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Posted: June 6, 2010 12:30 a.m.

We stand alone together

Whenever June 6 falls on a Sunday, my column subject will most likely be that longest of days in 1944 when Allied forces assaulted Nazi Germany’s "Fortress Europe." Operation Overlord, history’s largest naval invasion, still staggers the mind when considering logistics, alone.

The temptation is to recite details to establish credibility. But what’s important about D-day isn’t found in statistics, nor in academic expertise. It’s not about knowing of the creation of a fake army under General George Patton designed to confuse the Germans, nor about political pressures exerted upon Supreme Commander Dwight Eisenhower. It’s not about cataloging years of stockpiling supplies and munitions, of turning Britain into an aircraft carrier, or billeting so many American troops in every nook and cranny that Brits complained of G.I.s being "overpaid, over-sexed, and over here!"

No. What’s important boils down, as it always does, to what mere mortals of tender flesh and precious blood did when faced with almost certain death. What did they do when action required surrender to duty even as every sinew quivered for self-preservation and every synapse begged to remain sheltered in relative safety?

That brings us to a place called Currahee and a group of men forever linked in nomenclature as Easy Company, 506th Parachute Infantry Regiment. Our grateful nation knows them, simply, as a "Band of Brothers."

Easy’s story begins in the little town of Toccoa, Ga. That’s where Mount Currahee is located, where Camp Toccoa was built and the 506th trained, and where today a remarkable museum makes it possible for contemporary citizens to literally touch the lives of those who did the impossible on June 6, 1944.

Those Easy men, at 1:30 a.m. on this date 66 years ago, parachuted into a maelstrom of anti-aircraft and machine gun fire behind enemy lines. Following Lt. Richard Winters, they destroyed an entrenched three-gun battery of German artillery, which had been wreaking havoc on Utah Beach. Winters, elevated to command of Easy by attrition, was awarded the Distinguished Service Cross for leading the assault, which today still serves as West Point’s textbook example for eliminating such an emplacement.

Easy, and Winters, fought their way through the rest of what author Cornelius Ryan called, in his epic work, "the longest day." The story of the 506th through June 6 and beyond, including Operation Market Garden, defending Bastogne in "the Battle of the Bulge," and capturing Hitler’s Eagle’s Nest in Bertesgarten, has been memorialized by Tom Hanks and Steven Spielberg in their "Band of Brothers" mini-series.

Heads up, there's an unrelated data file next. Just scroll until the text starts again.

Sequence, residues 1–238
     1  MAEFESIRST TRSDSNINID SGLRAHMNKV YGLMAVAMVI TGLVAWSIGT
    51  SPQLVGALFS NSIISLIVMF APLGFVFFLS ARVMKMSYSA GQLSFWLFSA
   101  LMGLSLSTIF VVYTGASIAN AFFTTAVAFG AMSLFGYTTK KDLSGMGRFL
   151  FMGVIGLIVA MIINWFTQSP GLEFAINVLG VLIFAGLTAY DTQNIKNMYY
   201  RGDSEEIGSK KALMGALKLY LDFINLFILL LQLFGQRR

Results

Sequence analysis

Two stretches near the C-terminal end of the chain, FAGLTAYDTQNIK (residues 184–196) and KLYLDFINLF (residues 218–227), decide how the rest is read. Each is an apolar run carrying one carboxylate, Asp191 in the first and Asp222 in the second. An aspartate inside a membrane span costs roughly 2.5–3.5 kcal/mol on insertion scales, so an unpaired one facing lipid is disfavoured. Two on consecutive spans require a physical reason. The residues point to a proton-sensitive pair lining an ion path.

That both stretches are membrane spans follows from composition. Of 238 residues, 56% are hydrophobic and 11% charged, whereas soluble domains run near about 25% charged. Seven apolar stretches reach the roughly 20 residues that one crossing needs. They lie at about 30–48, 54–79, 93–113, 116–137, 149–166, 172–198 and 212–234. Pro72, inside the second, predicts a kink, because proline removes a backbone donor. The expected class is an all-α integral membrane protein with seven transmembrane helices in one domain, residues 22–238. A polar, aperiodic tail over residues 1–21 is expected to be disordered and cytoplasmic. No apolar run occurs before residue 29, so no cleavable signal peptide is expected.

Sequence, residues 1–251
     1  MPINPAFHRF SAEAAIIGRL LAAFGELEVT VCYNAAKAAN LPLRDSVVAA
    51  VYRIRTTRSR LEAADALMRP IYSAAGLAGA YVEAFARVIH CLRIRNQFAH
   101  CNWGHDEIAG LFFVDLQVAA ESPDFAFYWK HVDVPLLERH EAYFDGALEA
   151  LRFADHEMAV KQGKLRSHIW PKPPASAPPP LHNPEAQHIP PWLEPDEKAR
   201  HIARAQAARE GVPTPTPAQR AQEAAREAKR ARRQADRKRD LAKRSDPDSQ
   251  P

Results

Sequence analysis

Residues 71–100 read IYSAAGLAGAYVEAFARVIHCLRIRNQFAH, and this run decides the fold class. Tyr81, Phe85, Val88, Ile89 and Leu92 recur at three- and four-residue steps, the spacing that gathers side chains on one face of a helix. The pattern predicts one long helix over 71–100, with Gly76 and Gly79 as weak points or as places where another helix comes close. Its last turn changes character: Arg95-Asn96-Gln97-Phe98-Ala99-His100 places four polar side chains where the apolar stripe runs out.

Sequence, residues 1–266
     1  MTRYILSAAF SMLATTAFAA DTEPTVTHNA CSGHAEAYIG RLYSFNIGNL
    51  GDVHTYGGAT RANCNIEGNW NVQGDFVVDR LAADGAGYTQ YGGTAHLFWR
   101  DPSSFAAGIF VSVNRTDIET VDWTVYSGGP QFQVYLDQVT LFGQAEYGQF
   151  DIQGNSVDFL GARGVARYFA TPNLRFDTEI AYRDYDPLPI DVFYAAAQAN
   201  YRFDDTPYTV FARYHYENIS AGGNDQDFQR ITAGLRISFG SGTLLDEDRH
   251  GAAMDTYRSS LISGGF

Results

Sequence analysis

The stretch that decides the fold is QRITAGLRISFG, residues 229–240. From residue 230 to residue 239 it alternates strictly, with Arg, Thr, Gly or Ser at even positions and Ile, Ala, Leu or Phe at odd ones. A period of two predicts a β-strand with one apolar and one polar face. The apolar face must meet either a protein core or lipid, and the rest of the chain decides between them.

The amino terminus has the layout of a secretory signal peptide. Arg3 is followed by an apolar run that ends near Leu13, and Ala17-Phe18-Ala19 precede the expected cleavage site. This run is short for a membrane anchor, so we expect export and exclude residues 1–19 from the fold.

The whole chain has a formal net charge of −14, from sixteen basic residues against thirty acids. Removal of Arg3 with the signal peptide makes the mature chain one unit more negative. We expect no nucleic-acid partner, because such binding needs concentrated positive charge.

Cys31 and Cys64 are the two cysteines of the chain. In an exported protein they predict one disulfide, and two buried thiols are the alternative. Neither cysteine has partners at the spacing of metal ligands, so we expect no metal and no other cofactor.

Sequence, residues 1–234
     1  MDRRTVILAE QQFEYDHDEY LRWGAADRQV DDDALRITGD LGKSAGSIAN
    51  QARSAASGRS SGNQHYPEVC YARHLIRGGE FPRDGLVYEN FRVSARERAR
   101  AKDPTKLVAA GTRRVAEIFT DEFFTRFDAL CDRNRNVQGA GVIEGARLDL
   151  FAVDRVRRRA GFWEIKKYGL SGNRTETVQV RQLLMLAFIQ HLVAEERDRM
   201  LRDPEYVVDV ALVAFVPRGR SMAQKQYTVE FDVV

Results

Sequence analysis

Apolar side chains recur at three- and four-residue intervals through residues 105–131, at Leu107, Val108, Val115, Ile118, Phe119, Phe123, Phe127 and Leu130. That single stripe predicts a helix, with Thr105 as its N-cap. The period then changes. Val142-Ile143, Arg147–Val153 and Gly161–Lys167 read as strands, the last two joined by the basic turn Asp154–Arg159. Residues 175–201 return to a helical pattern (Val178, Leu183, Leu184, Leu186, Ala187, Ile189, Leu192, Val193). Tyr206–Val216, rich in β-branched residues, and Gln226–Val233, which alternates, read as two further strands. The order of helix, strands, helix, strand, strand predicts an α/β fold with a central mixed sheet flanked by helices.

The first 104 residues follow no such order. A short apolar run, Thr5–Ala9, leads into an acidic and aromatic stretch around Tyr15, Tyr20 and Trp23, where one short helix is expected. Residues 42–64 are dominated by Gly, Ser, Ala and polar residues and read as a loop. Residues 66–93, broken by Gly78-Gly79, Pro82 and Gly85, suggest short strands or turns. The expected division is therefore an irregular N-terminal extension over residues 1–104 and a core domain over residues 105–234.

Halfway around the world, on another day, at another battle, Admiral Chester Nimitz would say of the courage exhibited by everyday Americans on the sands of Iwo Jima:

"Uncommon valor was a common virtue."

Similarly, the men of Easy Company weren’t the only heroes in Normandy 66 years ago. The U. S. Navy had its share, though they’re hardly household names. There were the skippers of four destroyers — Doyle, Emmons, Frankford and Harding — who, witnessing the plight of the 29th Infantry’s "Bedford Boys" on Omaha Beach and the Rangers at Pointe-du-Hoc, conned their tin cans into waters so shallow the keels nearly scraped as they fired, point blank, covering the troopers.

And a grand old battlewagon, USS Nevada, resurrected from her heroic sprint at Pearl Harbor, earned a battle star on D-Day with pinpoint shelling in support of the paratroops inland.

In 2004 some everyday heroes in Toccoa decided to go extra miles to memorialize the legacy of the Currahee men and the 506th. Expanding the Stephens County Historical Society’s museum, these volunteers built the Currahee Military Museum inside the town’s old train depot. The centerpiece is the actual horse stable which housed Easy Company in England, carefully disassembled, shipped and rebuilt on site. The walls of the last home many of the Toccoa men would know still bear their carved names, a tactile connection spanning time.

The numbers of surviving World War II heroes are dwindling now, seemingly faster each year. Some still walk among us, lead our church services, and set standards for the rest of us while forming the bedrock for communities across America. They ask little, and count each day as the blessing they know it to be. They’re mostly quiet, selfless seniors, too often overlooked by the young as just another elderly person.

But they’re so much more than that...

Not long ago, during the filming of "Band of Brothers," the modest Richard Winters held his granddaughter in his lap.

"Grandpa," she asked, "were you a hero in the war?"

"No," he began, but as a thought formed his voice caught, and he had to pause. Gathering himself, even as a tear traced down his cheek, Winters continued.

"But I served in a company of them."

Nat Harwell is a long-time resident of Newton County. His columns appear regularly on Sundays.

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